Referring now to FIG. 4, shown is a waveform diagram of an example skew adjustment operation 400. In this particular example, differential pair 110P/110N may have a skew of about 80 ps. This skew can be measured by skew detector 202, and provided to fast offset controller 204. For example, fast offset controller 204 may set DCTL<7:0>=00000111 such that delay stages 302-0, 302-1, and 302-2 are enabled, while delay stages 302-3, 302-4, 302-5, 302-6, and 302-7, are disabled so that no additional delay is added to the corresponding signal. For example, if each delay stage 302 provides 25 ps of delay, the adjusted skew can be reduced to about 5 ps. Alternatively, delay control signals DCTL can be analog instead of digital to adjust corresponding delay provided by delay stages 302.

Referring now to FIG. 5, shown is a flow diagram of an example method of adjusting signal skew 500. The flow begins (502), and a signal pair is received from a cable (504). If no skew is detected (506), no additional delay is added to either received signal in the signal pair (514). However, if skew is detected (506), an amount of the skew is determined (508). One or more delay stages can then be enabled to approximate the determined skew amount (510). Delay from the enabled delay stages is then applied to a faster or first arriving of the signals in the signal pair to reduce the skew (512), completing the flow (516).

Skew adjustors as described herein can adjust signal skew from a cable to allow for increased cable lengths. These skew adjustors are particularly suitable for implementation near sink sides of cables, where inter-pair signal skew is apt to affect receiver operation. In addition, any suitable technology (e.g., CMOS, Bi-CMOS, etc.) and feature sizes (e.g., 0.18 μm, 0.15 μm, with 0.13 μm, etc.) can be used to implement circuits and functions as described herein.

Although particular embodiments of the invention have been described, variations of such embodiments are possible and are within the scope of the invention. For example, although particular delay circuit arrangements and controls have been described and shown, other types of delay circuits and the like can also be accommodated in accordance with various aspects. Further, while four stages of delay are shown for each differential signal path polarity, any number of stages and/or other types of delay circuitry, etc., can also be used in particular embodiments. Also, applications other than skew adjustment from differential pair cable signaling or the like can also be accommodated in accordance with particular embodiments.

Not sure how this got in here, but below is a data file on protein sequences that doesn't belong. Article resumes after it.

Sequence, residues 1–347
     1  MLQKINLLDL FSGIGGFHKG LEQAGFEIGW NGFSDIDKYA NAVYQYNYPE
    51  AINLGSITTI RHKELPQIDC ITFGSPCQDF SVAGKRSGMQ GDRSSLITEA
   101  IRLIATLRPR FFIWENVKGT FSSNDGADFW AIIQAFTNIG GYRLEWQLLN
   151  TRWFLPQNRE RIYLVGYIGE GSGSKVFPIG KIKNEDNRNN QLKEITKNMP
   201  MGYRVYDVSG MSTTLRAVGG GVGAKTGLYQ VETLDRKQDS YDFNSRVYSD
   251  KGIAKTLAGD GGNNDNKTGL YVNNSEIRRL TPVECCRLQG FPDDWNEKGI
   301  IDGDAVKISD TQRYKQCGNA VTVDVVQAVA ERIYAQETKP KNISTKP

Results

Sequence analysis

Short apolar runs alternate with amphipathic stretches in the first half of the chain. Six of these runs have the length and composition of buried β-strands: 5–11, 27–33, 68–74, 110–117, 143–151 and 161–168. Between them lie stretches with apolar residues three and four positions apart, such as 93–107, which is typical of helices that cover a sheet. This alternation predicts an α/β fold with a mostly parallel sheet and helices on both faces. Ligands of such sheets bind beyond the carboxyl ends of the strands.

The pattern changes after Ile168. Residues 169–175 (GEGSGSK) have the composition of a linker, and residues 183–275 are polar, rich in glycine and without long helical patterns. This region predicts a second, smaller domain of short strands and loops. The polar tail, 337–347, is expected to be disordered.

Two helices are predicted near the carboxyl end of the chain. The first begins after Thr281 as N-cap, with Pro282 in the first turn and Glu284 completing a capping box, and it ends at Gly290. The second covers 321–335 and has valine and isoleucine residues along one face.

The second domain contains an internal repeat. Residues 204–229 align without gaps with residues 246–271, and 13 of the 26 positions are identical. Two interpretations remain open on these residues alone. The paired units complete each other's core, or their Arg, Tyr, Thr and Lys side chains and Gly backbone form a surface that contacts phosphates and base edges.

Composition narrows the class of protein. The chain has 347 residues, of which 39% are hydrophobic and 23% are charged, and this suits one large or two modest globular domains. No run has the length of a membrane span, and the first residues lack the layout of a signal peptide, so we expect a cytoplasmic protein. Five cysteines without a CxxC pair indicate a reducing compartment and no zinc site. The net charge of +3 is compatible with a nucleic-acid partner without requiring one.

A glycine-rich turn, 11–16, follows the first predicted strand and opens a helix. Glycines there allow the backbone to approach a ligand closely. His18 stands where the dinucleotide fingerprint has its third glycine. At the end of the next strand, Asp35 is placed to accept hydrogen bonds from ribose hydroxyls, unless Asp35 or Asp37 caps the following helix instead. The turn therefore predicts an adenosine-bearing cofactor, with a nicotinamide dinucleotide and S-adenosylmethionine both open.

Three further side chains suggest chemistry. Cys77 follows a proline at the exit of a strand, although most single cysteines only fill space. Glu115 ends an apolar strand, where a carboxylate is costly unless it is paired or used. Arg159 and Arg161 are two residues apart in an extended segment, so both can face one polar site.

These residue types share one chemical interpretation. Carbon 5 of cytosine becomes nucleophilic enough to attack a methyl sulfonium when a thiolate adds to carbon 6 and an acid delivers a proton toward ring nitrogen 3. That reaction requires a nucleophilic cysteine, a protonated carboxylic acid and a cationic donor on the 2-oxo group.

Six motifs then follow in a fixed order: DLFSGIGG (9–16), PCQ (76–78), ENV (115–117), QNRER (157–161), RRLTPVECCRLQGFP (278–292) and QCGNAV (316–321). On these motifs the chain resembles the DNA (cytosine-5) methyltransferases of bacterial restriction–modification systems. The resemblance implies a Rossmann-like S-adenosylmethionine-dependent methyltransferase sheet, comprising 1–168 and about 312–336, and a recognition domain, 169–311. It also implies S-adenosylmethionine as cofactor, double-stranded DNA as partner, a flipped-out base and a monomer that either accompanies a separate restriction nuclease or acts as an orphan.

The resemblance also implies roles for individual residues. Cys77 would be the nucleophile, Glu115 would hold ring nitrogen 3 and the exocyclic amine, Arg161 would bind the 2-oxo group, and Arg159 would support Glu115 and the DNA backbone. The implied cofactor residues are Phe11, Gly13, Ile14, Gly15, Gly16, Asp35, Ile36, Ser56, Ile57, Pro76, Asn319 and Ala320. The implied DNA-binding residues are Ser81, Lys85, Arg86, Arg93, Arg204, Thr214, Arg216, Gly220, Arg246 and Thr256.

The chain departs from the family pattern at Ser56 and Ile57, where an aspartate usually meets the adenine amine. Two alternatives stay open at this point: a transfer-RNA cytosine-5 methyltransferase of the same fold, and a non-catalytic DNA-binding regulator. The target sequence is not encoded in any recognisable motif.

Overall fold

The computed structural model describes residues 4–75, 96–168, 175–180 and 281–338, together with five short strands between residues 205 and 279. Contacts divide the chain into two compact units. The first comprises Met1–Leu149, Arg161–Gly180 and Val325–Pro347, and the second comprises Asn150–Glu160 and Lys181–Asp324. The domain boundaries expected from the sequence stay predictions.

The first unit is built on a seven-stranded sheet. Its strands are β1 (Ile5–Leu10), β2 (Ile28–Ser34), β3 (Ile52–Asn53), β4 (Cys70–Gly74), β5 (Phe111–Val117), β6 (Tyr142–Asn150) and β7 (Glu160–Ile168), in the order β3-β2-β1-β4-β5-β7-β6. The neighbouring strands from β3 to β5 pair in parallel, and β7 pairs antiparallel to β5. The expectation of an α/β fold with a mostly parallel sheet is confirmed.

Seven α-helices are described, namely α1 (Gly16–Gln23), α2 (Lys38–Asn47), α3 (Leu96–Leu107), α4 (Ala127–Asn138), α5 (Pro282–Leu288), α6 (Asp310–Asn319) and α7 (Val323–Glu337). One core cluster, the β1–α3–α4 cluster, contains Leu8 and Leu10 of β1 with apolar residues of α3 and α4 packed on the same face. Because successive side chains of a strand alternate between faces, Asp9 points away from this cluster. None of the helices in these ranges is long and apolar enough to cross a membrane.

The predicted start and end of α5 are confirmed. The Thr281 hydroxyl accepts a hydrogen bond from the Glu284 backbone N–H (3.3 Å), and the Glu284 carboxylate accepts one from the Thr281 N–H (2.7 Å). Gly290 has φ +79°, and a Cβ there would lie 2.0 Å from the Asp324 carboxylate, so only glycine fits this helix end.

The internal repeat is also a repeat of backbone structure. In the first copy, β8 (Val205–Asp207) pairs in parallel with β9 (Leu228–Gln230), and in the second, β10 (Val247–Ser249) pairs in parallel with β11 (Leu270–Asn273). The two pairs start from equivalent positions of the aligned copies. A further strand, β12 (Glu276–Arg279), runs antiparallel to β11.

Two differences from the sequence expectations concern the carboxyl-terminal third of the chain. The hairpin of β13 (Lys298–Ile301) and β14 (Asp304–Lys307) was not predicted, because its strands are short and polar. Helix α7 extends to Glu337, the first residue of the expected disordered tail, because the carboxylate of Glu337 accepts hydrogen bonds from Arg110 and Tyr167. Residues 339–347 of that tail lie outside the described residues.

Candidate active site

Any suitable programming language can be used to implement the routines of particular embodiments including C, C++, Java, assembly language, etc. Different programming techniques can be employed such as procedural or object oriented. The routines can execute on a single processing device or multiple processors. Although the steps, operations, or computations may be presented in a specific order, this order may be changed in different particular embodiments. In some particular embodiments, multiple steps shown as sequential in this specification can be performed at the same time.

Particular embodiments may be implemented in a computer-readable storage medium for use by or in connection with the instruction execution system, apparatus, system, or device. Particular embodiments can be implemented in the form of control logic in software or hardware or a combination of both. The control logic, when executed by one or more processors, may be operable to perform that which is described in particular embodiments.

Particular embodiments may be implemented by using a programmed general purpose digital computer, by using application specific integrated circuits, programmable logic devices, field programmable gate arrays, optical, chemical, biological, quantum or nanoengineered systems, components and mechanisms may be used. In general, the functions of particular embodiments can be achieved by any means as is known in the art. Distributed, networked systems, components, and/or circuits can be used. Communication, or transfer, of data may be wired, wireless, or by any other means.